Masters of SciFi - Executive Producer Gary Scott Thompson Promises a Newer, Sleeker Knight Rider
As the writer of The Fast and the Furious, Gary Scott Thompson knows what motorheads like to watch. Now he's been charged with revitalizing NBC's Knight Rider remake. He talks to AMCtv.com about where the first attempt went wrong and his new vision for the series.
Q: How did you get involved with the Knight Rider remake?
A: How did I get roped into it? When the strike happened and Las Vegas went down, I was still under contract at NBC and they asked me to take a look at Knight Rider. The two-hour pilot had just come out so I looked at it and said, "If you plan on doing that, I'm not your guy. I don't even know how to do that." So I pitched them a show where the car transformed, there was a mission of the week and there was this whole team that worked out of a "KITT Cave." Basically I pitched what you'll see in the new pilot.
Q: Where do you feel NBC's first remake attempt missed?
A: I thought it had missed on a lot of things. The first thing I said was, "Where the hell is the turbo boost?" It also didn't have the fun or ingenuity that the original series did. There's a 25-year difference between the two -- a talking car then was a big deal, a talking car now is nothing because everyone has GPS. I just felt with the advance in technology you have to take a huge leap, and with sophisticated audiences that see Iron Man and Transformers every summer, if you're not at least on par, you're behind.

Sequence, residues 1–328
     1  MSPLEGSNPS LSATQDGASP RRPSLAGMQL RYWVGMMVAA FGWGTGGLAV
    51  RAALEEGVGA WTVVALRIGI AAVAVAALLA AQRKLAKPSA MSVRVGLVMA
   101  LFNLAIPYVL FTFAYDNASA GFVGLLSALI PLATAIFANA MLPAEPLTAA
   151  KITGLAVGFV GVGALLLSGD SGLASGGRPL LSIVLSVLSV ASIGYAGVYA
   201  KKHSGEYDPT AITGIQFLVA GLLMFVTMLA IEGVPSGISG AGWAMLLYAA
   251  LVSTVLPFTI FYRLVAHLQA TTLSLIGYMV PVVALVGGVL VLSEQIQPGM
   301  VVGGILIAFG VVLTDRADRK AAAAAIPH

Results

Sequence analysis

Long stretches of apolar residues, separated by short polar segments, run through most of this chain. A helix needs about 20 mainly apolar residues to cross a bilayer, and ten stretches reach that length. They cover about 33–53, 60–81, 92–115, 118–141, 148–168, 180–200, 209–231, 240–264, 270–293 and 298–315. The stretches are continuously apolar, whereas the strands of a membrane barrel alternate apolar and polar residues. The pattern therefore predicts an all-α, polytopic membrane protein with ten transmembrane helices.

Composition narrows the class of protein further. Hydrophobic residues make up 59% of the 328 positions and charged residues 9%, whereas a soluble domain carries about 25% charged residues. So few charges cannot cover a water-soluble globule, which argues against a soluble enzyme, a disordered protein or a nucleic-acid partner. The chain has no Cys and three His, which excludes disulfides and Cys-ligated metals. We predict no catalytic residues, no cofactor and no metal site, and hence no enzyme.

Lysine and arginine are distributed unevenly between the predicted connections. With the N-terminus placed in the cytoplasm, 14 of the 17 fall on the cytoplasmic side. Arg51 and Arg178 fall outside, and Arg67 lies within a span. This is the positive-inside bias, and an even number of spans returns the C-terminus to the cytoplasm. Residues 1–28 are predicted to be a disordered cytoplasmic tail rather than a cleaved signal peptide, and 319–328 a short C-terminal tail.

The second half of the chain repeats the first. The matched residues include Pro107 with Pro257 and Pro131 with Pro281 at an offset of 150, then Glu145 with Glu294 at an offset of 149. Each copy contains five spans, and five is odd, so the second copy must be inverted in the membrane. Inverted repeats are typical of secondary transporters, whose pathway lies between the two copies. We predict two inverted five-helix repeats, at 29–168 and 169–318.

Q: The movie also seemed to have an element of nostalgia that other, more successful remakes have done away with.
A: When I saw it, I thought it looked like an episode from Season 4 of the original, when the story lines had begun to run out. And you can't attract a new audience doing that. But to try and bring in the old fans, new fans and younger fans you're walking a thin line because you don't want to alienate any segment of that population. You need to give everybody something that they want. In the case of something like Battlestar Galactica, it's easier to eschew the original series because the SciFi Network is a specific niche network. I think the last numbers on Galactica were 800,000 people watching. We're dealing with tens of millions, so there's a lot more people to piss off if you're doing it wrong.
Q: The original series had a Lone Ranger vibe to it. How can you maintain that spirit with a whole team?
A: The original series was basically the Lone Ranger and his horse Tonto. But in some ways there are no more Lone Rangers in the world because of the technological advances and what the world is. You can't go it alone any more. I think the last Lone Ranger was Rambo, and look what happened to him! But our guy is still out there with the car -- he just has a great team behind him.
Q: Will David Hasselhoff have a role in your series?
A: We've been talking, and he's been talking with NBC. It's hard with his schedule and where we are shooting-wise. By the time I met him, we'd already had scripts written for eight episodes, and if he was going to be used, I felt he should be used for a meaningful purpose to get a bridge between the two series. The network wants us see what happens before we go down any path. But to me, those two cars side-by-side would be awesome, sort of in the way Battlestar Galactica dusted off the old Cylons from the original series and had them show up -- that was a hoot.
Q: What tone are you aiming for with the show?
A: Ultimately, the show should be fun. I think we had always intended to create something where you could kick your shoes off, sit back and have a good time. Someone described it saying, "It's never going to be a filet mignon. But you know what, on a hot summer day, a double cheeseburger and a cold beer is awesome." I know nobody liked the two-hour movie and everybody thought the original series was cheesy, but give us a chance to prove you wrong